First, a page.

I was Invited to apply for second round tickets by email on 17/06/2011 on a “first come, first served” basis as I was totally unsuccessful in the first round.

My alarm sounded at 5:45am on 24/06/2011 and I eventually managed to add three tickets to my basket and successfully complete the checkout process by about 6:20am.

I was immediately suspicious however when I received an London 2012 email with the phrase “You will receive an email within 48 hours confirming which tickets, if any, you have been allocated, subject to successful payment.”

The invitation email clearly stated “first come, first served” but despite “buying” & “paying” for the tickets I wanted, I was, yet again, unsuccessful.

Please pass my details on to the ASA if they would like more information.

Sue L says:
19 August 2011

Applied for 16 tickets (£550) over a range of sports over 4 days (2 days each week). Got 6, 2 for table tennis in the morning & 4 for hockey in the afternoon on the same day. So my planning worked and have no complaints. Plus I am looking to buy more from resales and go for some paralympics in the big iconic venues.

Why couldn’t they have copied the Wimbledon Championships ballot procedure.
Apply for each sport separately, get 2 seats allocated, Pay by a certain date or they are re allocated.
No choice of dates but the years when I am successful I have taken unpaid leave or made up time
Years when unsuccesful I feel sad but not as aggrieved as I do over my failure when I have an ex friend who has £1,000 of tickets…….. maybe I’ll re-befriend her when we know just what she has !!!!!!

Justin says:
27 August 2011

Due to my condition (Ataxia, Not heard of Ataxia ? Please sign the e-petition http://epetitions.direct.gov.uk/petitions/12762 ), I am dictating this e-mail 2 months after I wanted to. I have simply been too weak and unable to concentrate to dictate this e-mail.

I am a wheelchair user who failed to apply for an Olympic 2012 ticket in the First instance. Obviously, I was very disappointed but fortunately there would be a Second-chance offer at 6am, 24 June. The Olympics in London really is a once-in-a-lifetime opportunity and to miss it, sports fan or not, would be idiotic, obtuse and downright daft.

Unfortunately, I lost my Internet connection two nights before the offer so spent the next day in the local Library trolling the net trying to find a phone number or some sort of alternative application procedure. As you know, there wasn’t one to find! I couldn’t even combat this spectacular lack of provision by spending the night at another house for the 6am window. I felt impotent as the window opened and closed leaving me with that uncomfortable hollow feeling in my stomach for days and weeks. I feel robbed of probably the biggest opportunity in recent years for me and all because of a complete lack of vision by the application planners.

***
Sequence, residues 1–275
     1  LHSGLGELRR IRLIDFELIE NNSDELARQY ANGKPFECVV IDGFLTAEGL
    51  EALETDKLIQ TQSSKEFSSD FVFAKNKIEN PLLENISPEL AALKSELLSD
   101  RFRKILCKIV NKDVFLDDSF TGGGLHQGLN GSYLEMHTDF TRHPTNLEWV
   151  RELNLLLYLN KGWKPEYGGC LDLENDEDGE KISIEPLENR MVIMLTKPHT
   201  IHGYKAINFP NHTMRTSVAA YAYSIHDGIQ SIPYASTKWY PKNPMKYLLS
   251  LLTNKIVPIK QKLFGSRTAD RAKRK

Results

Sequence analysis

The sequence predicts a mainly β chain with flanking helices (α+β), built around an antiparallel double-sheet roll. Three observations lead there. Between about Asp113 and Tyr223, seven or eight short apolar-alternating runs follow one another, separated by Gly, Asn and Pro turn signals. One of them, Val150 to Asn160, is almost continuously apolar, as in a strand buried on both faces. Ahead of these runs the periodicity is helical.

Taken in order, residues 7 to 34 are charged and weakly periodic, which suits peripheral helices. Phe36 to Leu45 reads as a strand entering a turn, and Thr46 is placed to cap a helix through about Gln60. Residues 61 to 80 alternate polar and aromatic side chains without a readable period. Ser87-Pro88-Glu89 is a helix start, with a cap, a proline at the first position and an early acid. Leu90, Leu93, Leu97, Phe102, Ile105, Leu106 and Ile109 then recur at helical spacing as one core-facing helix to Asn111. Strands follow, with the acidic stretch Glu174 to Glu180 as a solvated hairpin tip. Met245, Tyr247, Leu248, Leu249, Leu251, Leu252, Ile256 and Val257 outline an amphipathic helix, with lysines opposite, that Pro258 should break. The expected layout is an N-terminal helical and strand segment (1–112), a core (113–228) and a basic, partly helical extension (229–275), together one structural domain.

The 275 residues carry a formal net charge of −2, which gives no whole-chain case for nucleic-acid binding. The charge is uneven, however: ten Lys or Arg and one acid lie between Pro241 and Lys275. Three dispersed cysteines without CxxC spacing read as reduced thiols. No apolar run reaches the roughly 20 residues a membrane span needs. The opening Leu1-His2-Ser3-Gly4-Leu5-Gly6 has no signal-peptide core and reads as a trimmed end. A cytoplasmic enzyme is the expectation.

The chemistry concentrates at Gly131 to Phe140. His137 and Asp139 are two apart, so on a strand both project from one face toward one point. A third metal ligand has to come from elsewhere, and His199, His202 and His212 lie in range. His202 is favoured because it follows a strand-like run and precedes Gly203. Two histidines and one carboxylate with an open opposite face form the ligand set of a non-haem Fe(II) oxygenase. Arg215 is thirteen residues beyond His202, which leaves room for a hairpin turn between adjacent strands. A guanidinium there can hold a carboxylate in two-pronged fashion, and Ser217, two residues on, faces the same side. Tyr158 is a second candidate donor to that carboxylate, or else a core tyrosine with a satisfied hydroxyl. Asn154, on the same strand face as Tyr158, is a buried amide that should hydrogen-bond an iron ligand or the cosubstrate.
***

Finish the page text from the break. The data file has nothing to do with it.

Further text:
I find it astonishing that the application process is/was only open to those with Internet access – surely this excluded millions of citizens.

That’s a very good point. Why limit it to the internet? Surely there should be another option to enter the ballot – such as over the phone.

Justin says:
1 September 2011

Thanks for your reply Patrick. Do you know how I can go about making this point to the officials ?

Hello Justin,

Here’s how you can contact the London ticketing team, although you may not get very far.

“If you would prefer to speak to a customer services agent, please call our Ticketing team on 0844 847 2012.

“The lines are open Monday to Friday from 9am to 8pm and Saturday and Sunday from 10am to 4pm. Calls cost £0.05p per minute from a BT landline. Other networks may vary.

“You can also contact the London 2012 Ticketing team at our postal address: London 2012 Ticketing, PO Box 798, Manchester M60 1WU”



Paul Bardos says:
8 September 2011

My wife spent ages on the round 1 web ticket sale and committed us to more than £500 of tickets. This was a lot of money for us, and we really could not commit more. She was interested in several minority sports. Did we get a ticket? Not, not a single one. I think the ticketing system was loaded in favour of poeple with a lot of money to spend and the big corporates.

I applied 5 tickets and got 3! (my maximum spend was £200)
What happens if on the day of the event I am ill and cannot use my tickets?
Can I give them to a friend?
Will they have to prove they haven’t got them from a ticket tout?

Pauline. says:
30 July 2012

I am sooooo disappointed And angry that the only Olympics I have ever tried To go To, And have been looking forward To for years, also living within a mile of events, I was unable To get any tickets for me or my children. Why? I sat on line, And still am, daily searching for tickets. Even the Park entry was full-? How? Families have been allocated loads of tickets, others none. Even now when there are open seats, these are for Park Ticket holders- how unfair. I will be so annoyed for years To come. All we wanted was 3 tickets To one event in the Olympic Park!!